2. Exploring the devouring nature of Neutron Stars through Stellar Wind studies.


ESAC supervisor: Camille Diez
Collaborator(s): Peter Kretschmar (ESAC), Felix Fürst (ESAC), Victoria Grinberg (ESTEC)

Site: ESAC

Neutron stars are the end products of massive stars and are among the most fascinating and extreme objects in the Universe. In the case of a high-mass X-ray binary (HMXB), the neutron star accretes material from a massive star, usually of more than 10 solar masses. The massive star loses large amounts of its mass via “stellar wind”. As the material falls onto the neutron star's surface, it releases immense amounts of energy, making HMXBs some of the brightest X-ray sources in the sky.

Studying the stellar wind tells us about the life cycle of some of the most massive stars in the galaxy, about how they shape and influence their surroundings, and about the interactions of matter and energy under the most extreme conditions. Those areas of research can be assessed through time-resolved high-resolution spectroscopy currently possible with e.g. XMM-Newton to lay the foundations for future revolutionary X-ray observatories such as the upcoming XRISM and ESA’s flagship mission Athena.

To achieve this goal, the project will be structured as followed:

  • Introduction to the field’s background and methods with some of the world-leading experts and most important papers.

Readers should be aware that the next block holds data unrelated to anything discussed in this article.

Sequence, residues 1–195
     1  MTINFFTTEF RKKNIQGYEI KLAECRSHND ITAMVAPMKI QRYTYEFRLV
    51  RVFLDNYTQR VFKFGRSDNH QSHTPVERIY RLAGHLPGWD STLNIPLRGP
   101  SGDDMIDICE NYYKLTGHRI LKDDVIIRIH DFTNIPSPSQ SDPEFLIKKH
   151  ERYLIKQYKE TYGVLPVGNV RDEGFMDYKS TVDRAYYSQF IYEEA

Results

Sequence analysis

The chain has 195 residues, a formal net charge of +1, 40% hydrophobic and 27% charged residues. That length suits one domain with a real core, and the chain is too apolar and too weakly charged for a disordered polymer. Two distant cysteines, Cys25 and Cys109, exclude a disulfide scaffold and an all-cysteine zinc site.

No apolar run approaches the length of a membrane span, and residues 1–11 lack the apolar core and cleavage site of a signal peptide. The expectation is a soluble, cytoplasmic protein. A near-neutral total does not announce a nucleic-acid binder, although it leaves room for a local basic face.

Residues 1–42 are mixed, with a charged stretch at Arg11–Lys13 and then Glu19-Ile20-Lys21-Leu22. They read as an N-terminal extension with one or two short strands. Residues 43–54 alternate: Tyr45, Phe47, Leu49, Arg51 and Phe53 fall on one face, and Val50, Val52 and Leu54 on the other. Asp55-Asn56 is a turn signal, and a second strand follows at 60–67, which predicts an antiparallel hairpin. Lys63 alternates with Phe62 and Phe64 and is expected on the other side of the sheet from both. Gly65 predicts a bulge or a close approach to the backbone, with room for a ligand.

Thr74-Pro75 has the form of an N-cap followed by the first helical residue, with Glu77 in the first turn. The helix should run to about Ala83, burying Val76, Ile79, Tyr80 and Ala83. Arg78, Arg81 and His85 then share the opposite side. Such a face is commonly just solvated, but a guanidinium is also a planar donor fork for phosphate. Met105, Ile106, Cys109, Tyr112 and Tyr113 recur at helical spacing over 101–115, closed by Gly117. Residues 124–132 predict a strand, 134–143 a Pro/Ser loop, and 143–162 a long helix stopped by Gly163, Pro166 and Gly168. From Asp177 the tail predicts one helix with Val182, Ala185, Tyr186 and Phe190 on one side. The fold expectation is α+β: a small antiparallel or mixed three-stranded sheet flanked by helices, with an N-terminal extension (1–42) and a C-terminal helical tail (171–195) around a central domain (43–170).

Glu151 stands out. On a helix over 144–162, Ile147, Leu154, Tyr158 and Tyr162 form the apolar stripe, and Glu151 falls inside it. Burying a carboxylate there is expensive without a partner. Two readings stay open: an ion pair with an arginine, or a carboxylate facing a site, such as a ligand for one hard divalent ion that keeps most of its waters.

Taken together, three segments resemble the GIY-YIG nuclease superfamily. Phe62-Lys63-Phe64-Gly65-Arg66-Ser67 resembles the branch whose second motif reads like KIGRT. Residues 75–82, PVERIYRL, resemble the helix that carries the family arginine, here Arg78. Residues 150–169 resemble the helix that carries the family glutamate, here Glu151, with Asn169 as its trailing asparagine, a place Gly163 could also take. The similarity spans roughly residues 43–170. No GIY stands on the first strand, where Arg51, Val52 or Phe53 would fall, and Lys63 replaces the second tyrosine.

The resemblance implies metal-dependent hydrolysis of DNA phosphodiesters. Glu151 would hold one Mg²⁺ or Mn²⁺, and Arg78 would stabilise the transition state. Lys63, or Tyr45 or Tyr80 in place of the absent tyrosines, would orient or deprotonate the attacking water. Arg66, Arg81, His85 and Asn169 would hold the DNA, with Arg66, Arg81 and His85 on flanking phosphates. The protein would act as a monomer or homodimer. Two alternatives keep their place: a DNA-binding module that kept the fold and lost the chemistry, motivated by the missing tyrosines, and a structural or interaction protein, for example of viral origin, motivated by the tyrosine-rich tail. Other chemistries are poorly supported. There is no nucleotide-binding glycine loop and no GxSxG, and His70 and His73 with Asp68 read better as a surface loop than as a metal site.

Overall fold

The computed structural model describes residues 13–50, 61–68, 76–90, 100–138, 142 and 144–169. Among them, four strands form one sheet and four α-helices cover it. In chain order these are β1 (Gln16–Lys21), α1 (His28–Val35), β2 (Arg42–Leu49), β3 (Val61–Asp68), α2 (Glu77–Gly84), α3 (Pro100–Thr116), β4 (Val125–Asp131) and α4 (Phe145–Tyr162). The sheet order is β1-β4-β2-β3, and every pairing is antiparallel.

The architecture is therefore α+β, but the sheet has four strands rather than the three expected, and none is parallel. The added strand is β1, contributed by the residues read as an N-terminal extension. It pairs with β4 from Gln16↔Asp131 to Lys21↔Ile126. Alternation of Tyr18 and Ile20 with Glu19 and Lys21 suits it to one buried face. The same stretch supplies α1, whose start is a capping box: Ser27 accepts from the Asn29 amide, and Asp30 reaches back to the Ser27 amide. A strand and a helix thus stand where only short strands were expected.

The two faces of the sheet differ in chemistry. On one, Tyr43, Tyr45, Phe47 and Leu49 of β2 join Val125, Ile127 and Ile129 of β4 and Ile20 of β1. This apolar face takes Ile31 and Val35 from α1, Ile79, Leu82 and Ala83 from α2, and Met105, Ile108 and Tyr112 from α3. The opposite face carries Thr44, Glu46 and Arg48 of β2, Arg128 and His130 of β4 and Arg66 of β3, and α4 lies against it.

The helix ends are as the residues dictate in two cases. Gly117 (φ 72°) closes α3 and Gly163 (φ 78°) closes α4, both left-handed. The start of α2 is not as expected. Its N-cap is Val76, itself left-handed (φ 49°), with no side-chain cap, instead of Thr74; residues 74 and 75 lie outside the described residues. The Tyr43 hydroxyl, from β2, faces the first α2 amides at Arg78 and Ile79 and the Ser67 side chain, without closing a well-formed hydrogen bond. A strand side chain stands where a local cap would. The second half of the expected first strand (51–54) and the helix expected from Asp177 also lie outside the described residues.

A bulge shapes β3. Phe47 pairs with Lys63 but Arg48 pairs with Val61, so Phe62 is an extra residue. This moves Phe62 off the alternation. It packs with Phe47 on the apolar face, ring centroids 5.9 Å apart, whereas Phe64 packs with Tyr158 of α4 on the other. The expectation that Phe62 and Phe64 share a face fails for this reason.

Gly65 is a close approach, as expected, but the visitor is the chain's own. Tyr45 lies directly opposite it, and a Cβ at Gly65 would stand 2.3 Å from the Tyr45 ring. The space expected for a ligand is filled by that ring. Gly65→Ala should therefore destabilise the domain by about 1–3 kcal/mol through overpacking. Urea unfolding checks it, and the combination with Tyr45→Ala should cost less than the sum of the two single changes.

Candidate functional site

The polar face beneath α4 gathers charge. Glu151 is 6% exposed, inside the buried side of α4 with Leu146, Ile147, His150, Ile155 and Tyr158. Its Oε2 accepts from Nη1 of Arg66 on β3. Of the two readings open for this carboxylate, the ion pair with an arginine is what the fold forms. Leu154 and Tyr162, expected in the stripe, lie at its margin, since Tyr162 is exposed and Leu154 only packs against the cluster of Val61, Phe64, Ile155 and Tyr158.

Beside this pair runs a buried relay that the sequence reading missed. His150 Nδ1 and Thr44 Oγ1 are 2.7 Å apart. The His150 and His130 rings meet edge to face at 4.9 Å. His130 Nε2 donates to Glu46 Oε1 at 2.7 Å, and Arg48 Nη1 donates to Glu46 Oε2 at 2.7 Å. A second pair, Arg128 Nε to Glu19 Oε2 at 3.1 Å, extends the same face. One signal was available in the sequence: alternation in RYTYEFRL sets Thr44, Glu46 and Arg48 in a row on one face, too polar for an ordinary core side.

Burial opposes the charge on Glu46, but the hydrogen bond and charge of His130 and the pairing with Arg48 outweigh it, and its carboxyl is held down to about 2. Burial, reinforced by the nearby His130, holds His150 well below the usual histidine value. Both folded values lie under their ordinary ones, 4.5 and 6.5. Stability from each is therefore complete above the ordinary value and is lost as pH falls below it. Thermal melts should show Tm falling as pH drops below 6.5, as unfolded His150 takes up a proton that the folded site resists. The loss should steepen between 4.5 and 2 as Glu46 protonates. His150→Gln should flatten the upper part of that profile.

• Extraction of X-ray data of an HMXB taken with ESA’s XMM-Newton observatory.
  • Analysis of lightcurves and spectra of the source to infer properties of the wind and constrain spectral models. We will use the Interactive Spectral Interpretation System (ISIS), designed to facilitate the interpretation and analysis of high resolution X-ray spectra, and develop scripts to analyse data (S-Lang preferred, Python is also possible).

From this study, the trainee will gain knowledge about X-ray missions, data analysis software, programming skills and will benefit from local and international collaborations with X-ray experts. The results may lead to a future scientific publication, after the traineeship.

Project duration: 3 months (project focusing on the analysis part) up to 6 months (full project).

Desirable expertise or programming language:

  • Enthusiasm and curiosity for exploring scientific data.
  • The trainee should be comfortable with the project being conducted in English.
  • Basic astrophysics background, e.g. an introductory lecture is a plus.
  • The project explicitly offers the chance to develop and improve your coding skills. If the trainee chooses to code in Python (or any other language than S-Lang), experience in this programming language, e.g. from a university course, is highly desirable but not required.


To apply for this project please fill in an online application form through the following link.